Monday, April 02, 2007

Art tools: plate and roll film and large format as well as medium format cameras coming back into view

Tony Reans / photo Monica Reans
Originally uploaded by trudeau.
Tony Reans has sold a lot of acrylic paintings around Shreveport. Non-objective pieces have been his forte. He has been part of many shows at Artspace, Bistineau and West Edge, among others. Yet he wants more from his artistic life. He has several high-concept plans bubbling on the stove, one involving a suited-up view of New Orleans, but the one that has come around this month comprises the view camera.

The search for high-resolution clarity and large-print images has pulled Reans across the recent century and into a world of plates and wood and glass and chemicals. The product of this Tachihara camera distinguishes itself when a megaprint is required.

It's hard to know how many view camera operators are at work around the town, though one imagines that it's hard for them to work in anonymity. When you see this fellow with a cherrywood camera and black drape atop a tripod, you will know about one such big format quest. His initial, giant black and white images will be on ShreveportFaces. The resulting image will represent capture beyond the capabilities of the digital tools most of us (yes, Reans is adept at photoshop) use today.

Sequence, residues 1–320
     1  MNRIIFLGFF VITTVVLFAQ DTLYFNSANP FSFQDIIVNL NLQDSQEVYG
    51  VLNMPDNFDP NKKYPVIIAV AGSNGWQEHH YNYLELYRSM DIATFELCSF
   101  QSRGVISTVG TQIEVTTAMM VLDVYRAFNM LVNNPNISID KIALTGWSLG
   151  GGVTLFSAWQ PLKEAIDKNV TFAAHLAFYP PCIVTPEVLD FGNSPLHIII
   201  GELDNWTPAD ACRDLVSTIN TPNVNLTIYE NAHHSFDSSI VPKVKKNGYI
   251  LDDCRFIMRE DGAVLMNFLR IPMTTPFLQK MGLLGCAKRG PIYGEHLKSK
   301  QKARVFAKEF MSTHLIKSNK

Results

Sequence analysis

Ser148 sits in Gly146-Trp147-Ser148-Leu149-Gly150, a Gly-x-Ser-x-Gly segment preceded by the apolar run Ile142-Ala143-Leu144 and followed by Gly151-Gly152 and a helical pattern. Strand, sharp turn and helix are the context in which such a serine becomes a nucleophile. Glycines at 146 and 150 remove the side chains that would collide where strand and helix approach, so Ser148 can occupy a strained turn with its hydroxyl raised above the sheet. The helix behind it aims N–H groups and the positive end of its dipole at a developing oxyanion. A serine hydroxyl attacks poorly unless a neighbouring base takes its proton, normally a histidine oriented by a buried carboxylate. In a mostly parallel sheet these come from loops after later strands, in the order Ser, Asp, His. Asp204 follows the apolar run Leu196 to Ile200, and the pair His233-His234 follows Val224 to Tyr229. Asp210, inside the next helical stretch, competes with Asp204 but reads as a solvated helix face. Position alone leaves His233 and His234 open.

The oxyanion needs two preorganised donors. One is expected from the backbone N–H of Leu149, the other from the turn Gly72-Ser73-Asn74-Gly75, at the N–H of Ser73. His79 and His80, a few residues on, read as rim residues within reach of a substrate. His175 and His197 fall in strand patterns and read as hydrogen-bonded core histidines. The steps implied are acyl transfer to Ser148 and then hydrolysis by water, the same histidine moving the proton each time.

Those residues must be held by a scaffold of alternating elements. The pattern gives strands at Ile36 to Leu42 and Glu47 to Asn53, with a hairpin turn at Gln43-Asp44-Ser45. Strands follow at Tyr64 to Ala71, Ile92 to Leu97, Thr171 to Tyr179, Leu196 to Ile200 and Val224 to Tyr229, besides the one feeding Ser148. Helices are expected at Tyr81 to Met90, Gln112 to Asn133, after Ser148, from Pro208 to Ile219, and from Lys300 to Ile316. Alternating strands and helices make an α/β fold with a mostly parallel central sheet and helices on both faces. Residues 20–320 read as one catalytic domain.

Retro tools are honored in the art world. On what might be considered the flip side of the view camera is the cheap Chinese camera called a Holga. Wikipedia says "The Holga's cheap construction and simple meniscus lens often yields pictures that display vignetting, blur, light leaks, and other distortions. Ironically, the camera's quality problems became a virtue among some photographers, with Holga photos winning awards and competitions in art and news photography."

See ShreveportFaces for contributions by Mike Rosebery. He's an enthusiastic and effective Holga shooter.

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